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Recipes for fall from ‘The New England Kitchen’

An excerpt from Jeremy Sewall’s cookbook — a meal timed for fall’s finest.

Spiced skate wing and toasted orzo with spinach and chorizo. Photograph by Jim Scherer / Styling by Catrine Kelty/Jim Scherer

My heart belongs to the Northeast. It’s the region that has defined my cooking since I first learned to crack a lobster. My parents were born and raised in southern Maine, which means I spent almost every summer and holiday I can remember along the coastline there — it’s the first place I go when I have any free time. Some of my favorite memories take me back to family cookouts at my aunt and uncle’s house on the York River on the southern coast of Maine. The roots of my love for simple, fresh food can be traced to those picnics. Those fundamentals will stay with me forever.



Serves 4

Skate might seem like an unusual choice for the home cook, but it has a nice firm texture and a really sweet flavor. Here, I toss it with a seasoned flour and quickly saute it for an easy weeknight dish.

4 tablespoons extra-virgin olive oil

1 garlic clove, crushed

1 cup all-purpose flour

1 teaspoon ground cumin

1 tablespoon dry mustard

1 tablespoon ground turmeric

1 teaspoon freshly ground white pepper

1 teaspoon ground coriander

1 teaspoon curry powder

4 tablespoons canola oil

4 (6-ounce) skate wing fillets, trimmed, skin removed

Kosher salt and freshly ground black pepper

2 tablespoons freshly squeezed lemon juice

TIP: Buy skate from a trusted fishmonger and give it a sniff before bringing it home (it takes on an ammonia smell when beginning to go bad). If you can’t find skate, freshwater trout is a great substitute, but it might require a minute or two longer to cook, depending on the thickness.Photograph by Jim Scherer / Styling by Catrine Kelty

In a small saute pan, heat the olive oil and garlic over medium heat until the garlic starts to brown just a little, about 3 minutes. Transfer the garlic and oil to a small bowl. Set aside and let cool for 1 hour.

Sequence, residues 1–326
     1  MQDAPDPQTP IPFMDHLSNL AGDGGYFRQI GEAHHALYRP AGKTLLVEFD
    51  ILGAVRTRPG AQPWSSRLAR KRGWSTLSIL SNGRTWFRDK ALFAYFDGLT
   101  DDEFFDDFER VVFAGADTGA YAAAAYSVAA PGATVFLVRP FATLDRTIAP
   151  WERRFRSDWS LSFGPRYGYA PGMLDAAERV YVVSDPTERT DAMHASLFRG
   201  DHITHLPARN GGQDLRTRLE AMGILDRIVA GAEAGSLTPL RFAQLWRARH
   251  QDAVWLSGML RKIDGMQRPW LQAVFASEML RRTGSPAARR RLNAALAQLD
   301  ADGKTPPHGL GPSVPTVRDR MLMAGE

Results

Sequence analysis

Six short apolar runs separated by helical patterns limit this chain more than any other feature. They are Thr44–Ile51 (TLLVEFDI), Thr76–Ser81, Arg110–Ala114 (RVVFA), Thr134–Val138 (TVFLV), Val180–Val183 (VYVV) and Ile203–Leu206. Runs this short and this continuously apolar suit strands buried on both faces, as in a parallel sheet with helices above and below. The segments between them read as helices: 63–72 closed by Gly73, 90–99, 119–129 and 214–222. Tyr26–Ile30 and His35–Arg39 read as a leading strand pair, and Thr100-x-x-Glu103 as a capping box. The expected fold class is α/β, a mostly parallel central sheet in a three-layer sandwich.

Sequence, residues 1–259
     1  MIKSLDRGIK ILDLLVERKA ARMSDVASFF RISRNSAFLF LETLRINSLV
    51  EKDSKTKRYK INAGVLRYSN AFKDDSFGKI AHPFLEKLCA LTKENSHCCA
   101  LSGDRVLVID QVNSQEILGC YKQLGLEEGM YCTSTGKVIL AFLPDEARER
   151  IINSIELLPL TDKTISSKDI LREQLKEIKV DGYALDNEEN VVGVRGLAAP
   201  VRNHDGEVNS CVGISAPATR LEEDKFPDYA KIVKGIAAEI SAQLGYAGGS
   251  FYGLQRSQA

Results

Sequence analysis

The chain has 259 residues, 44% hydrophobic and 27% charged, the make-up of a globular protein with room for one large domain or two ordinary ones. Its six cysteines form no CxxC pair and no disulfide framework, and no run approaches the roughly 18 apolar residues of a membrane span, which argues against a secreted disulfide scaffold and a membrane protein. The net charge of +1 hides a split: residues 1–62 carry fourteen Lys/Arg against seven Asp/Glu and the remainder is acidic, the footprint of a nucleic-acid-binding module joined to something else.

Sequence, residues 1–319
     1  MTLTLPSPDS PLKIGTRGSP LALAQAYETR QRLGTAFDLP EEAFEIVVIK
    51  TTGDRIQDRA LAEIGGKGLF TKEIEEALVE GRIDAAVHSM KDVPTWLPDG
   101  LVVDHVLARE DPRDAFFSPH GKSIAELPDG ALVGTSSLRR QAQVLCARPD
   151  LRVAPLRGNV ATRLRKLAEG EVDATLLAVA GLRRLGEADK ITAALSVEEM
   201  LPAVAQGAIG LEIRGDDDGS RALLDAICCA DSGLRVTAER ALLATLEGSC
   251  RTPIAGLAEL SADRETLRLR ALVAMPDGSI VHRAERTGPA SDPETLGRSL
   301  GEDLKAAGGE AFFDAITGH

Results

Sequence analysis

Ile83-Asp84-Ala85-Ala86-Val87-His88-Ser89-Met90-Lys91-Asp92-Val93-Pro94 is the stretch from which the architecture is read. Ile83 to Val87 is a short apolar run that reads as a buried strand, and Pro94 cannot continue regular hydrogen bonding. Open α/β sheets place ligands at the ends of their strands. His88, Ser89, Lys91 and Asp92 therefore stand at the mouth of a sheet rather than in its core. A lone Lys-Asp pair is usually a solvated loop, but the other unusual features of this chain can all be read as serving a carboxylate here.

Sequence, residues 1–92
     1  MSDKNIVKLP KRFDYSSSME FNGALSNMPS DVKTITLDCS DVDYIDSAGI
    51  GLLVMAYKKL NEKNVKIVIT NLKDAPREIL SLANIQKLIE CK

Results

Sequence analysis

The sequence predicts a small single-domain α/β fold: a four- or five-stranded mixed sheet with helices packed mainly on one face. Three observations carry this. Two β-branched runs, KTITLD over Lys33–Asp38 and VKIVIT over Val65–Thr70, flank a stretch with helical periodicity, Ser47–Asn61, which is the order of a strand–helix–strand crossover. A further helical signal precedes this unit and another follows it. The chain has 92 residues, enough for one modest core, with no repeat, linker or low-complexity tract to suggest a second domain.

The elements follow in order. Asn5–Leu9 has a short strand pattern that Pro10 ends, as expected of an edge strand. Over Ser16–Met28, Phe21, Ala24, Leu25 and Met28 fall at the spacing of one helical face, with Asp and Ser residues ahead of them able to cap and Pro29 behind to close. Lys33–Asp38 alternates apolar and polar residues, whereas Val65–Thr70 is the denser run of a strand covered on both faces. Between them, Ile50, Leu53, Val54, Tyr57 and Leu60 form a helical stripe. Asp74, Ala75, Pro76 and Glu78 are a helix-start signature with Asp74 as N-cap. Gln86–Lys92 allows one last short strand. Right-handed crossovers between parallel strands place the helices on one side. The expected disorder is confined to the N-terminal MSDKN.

In a large bowl, combine the flour with the cumin, mustard, turmeric, white pepper, coriander, and curry powder. In a cast-iron skillet or large saute pan, heat 2 tablespoons of the canola oil over medium-high heat. Dredge the skate in the flour mixture and shake off any excess. Season with salt and black pepper. Place 2 fillets in the pan and cook until they begin to brown lightly, 1 to 2 minutes. Turn the skate over and immediately remove the pan from the heat; let the skate rest in the pan for 30 seconds before removing it. Repeat with the remaining oil and skate. Place the fillets on 4 plates. Whisk lemon juice into reserved garlic oil and drizzle oil over fillets.



Serves 4

I often pair this pasta dish with Spiced Skate Wing, but you can try it with other fish, chicken, or on its own. Chorizo is a spicy sausage that comes fresh or dry. For this recipe, I use dry chorizo and cook it lightly. The heat mellows when tossed with the spinach and pasta.

1 cup orzo pasta

1 tablespoon extra-virgin olive oil

Kosher salt and freshly ground black pepper

¼ cup canola oil

6 ounces dry chorizo sausage, cut into thin rounds

1 red onion, cut in half lengthwise and then into ¼-inch-wide strips

1 teaspoon grated lemon zest

3 tablespoons vegetable stock

2 cups lightly packed baby spinach

Heat the oven to 350 degrees. Toss the orzo with the olive oil in a baking pan and toast in the oven for 7 minutes, stirring halfway through. The pasta should be lightly toasted and have a nutty smell. Bring a large saucepan of salted water to a boil and add the toasted orzo, lower the heat, and simmer until tender, about 12 minutes. Drain and spread on a baking sheet to cool.


© Michael Harlan Turkell

In a large saute pan, heat the canola oil over medium-high heat and add the chorizo and onion. Saute until the chorizo starts to render some of its fat and the sausage begins to lightly crisp around the edges, about 6 minutes. Remove from the heat and drain off any excess fat. Add the orzo, lemon zest, and stock to the pan and warm through over medium heat. Add the spinach and immediately remove the pan from the heat; the spinach should be slightly wilted. Toss together, then season with salt and pepper. Serve immediately.


Serves 4

Cauliflower is very versatile — it can be easily made into a soup or a puree or just roasted, as it is in this simple dish. Let the florets really brown with the butter to enhance the amazing nutty flavor. The lemon zest helps cut through some of the richness.

½ cup (1 stick) unsalted butter

1 head cauliflower, cored and cut into florets

2 teaspoons fresh thyme

Kosher salt and freshly ground black pepper

½ teaspoon grated lemon zest

In a large saute pan, melt the butter over medium heat until it just begins to bubble. Add the cauliflower florets and cook until they begin to brown, about 8 minutes, stirring frequently so they cook evenly. Drain off any excess butter. Add the thyme, then season with salt, pepper, and lemon zest. Serve immediately.


Excerpted from “The New England Kitchen: Fresh Takes on Seasonal Recipes” by Jeremy Sewall, copyright © Jeremy Sewall, Rizzoli New York, 2014. Reprinted with permission.